Do you keep ginger in your spice cabinet? Maybe it should be in your medicine cabinet. Besides being a tasty spice often used to enhance holiday treats, ginger can soothe upset stomachs and diminish nausea, and studies show it may help pain and inflammation, too.
In fact, a University of Miami study concluded that ginger extract could one day be a substitute to nonsteroidal anti-inflammatory drugs (NSAIDs). The study compared the effects of a highly concentrated ginger extract to placebo in 247 patients with osteoarthritis (OA) of the knee. The ginger reduced pain and stiffness in knee joints by 40 percent over the placebo.
“Research shows that ginger affects certain inflammatory processes at a cellular level,” says the study’s lead author, Roy Altman, MD, now at the University of California, Los Angeles.
What makes ginger so helpful? “Ginger has anti-inflammatory, anti-ulcer and antioxidant activities, as well as a small amount of analgesic property,” says Roberta Lee, MD, vice chair of the Department of Integrative Medicine at Beth Israel Medical Center in New York City.
Choosing the most effective form of ginger may be the biggest challenge to reaping its rewards. Ginger comes in capsules, tinctures, teas, powders, oils and foods made from the dried or fresh root of the ginger plant. While many forms of ginger boast health benefits, Dr. Lee says capsules provide better benefits than other forms. She advises people to look for brands that use “super-critical extraction,” because it results in the purest ginger and will provide the greatest effect. She also suggests taking ginger capsules with food. Why? Although small amounts of ginger can help settle a sour stomach, concentrated doses can actually cause stomach upset.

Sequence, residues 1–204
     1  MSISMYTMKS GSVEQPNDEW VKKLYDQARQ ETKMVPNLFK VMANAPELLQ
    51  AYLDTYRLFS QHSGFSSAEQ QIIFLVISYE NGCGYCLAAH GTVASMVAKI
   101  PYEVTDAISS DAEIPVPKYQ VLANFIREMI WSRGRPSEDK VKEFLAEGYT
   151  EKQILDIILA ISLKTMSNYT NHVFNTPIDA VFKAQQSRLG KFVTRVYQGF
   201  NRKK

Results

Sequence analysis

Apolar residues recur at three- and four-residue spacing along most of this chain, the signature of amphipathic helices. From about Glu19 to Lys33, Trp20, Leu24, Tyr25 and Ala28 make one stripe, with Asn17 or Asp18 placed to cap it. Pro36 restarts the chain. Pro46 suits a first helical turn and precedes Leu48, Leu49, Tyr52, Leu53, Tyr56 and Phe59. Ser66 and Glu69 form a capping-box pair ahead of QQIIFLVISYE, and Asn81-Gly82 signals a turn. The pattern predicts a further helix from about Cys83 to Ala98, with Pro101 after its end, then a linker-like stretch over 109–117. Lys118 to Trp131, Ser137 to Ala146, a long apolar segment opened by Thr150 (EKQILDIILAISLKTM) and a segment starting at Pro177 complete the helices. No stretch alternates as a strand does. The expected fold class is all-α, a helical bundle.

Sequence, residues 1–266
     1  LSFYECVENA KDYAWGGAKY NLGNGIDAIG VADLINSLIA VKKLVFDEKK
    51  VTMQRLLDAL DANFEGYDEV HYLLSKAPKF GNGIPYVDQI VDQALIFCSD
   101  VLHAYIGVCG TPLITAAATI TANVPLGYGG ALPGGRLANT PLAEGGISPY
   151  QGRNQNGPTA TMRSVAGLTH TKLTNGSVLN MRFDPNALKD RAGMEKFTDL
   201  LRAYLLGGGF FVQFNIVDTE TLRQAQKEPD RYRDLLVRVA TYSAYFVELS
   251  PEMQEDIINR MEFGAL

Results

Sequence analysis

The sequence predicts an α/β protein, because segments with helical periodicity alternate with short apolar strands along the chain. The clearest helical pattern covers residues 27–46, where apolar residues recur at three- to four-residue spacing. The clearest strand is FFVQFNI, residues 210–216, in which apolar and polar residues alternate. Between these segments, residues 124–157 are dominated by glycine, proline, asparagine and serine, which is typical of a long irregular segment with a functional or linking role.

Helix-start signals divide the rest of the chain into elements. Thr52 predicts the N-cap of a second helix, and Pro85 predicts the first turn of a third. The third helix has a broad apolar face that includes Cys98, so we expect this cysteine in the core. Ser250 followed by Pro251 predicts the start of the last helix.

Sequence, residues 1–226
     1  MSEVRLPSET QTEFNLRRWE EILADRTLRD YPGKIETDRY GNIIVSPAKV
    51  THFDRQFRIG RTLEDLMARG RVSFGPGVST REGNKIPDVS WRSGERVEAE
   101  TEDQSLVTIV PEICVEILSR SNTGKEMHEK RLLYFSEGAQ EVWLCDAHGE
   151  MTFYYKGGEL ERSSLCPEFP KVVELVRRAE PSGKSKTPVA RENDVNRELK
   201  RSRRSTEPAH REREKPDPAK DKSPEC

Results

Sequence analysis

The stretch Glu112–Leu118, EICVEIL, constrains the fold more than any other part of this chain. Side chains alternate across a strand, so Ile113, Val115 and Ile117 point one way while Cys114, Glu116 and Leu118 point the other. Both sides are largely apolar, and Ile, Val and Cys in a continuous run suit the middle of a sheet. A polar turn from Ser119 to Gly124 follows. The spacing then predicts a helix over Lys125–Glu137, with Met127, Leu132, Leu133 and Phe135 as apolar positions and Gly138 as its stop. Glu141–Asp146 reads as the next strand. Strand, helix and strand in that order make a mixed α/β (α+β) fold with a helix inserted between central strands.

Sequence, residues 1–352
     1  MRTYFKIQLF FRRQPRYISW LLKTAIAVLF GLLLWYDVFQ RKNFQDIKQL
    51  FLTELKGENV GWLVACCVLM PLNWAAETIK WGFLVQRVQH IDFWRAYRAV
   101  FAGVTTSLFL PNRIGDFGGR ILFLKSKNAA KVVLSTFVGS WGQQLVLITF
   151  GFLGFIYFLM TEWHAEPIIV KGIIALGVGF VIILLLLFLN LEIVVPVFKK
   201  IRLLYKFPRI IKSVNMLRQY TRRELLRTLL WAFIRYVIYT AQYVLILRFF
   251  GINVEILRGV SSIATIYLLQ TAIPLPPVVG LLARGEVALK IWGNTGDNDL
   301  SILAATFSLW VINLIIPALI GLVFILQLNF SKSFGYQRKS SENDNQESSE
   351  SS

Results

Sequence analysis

Although they smell wonderful, foods like gingerbread, gingersnaps and ginger tea may not contain enough ginger to have an effect, says Dr. Altman. The capsule taken twice daily by patients in Dr. Altman’s study contained 255 milligrams (mg) of ginger, the equivalent of nearly a bushel of your grocer’s ginger.
Before taking ginger, be sure to check with your doctor. If you get the “go ahead” from your physician, try a 100- to 200-mg ginger capsule each day for four to six weeks to see if you feel an effect. Steer clear of ginger if you’re taking a blood-thinning medication, like warfarin (Coumadin), as ginger may reverse the effects of these types of drugs.
If you prefer the tangy zip of fresh ginger, here’s some good news. Researchers at the University of Georgia in Athens and Georgia State College & University in Milledgeville reported in the Journal of Pain that a few tablespoons of grated ginger can help ease muscle pain caused by exercise.
You can add a few tablespoons to your diet by grating ginger over a salad or into a stir fry.
Or you could grate one to two teaspoons and simmer it in a pot with hot water for five minutes to make a soothing tea.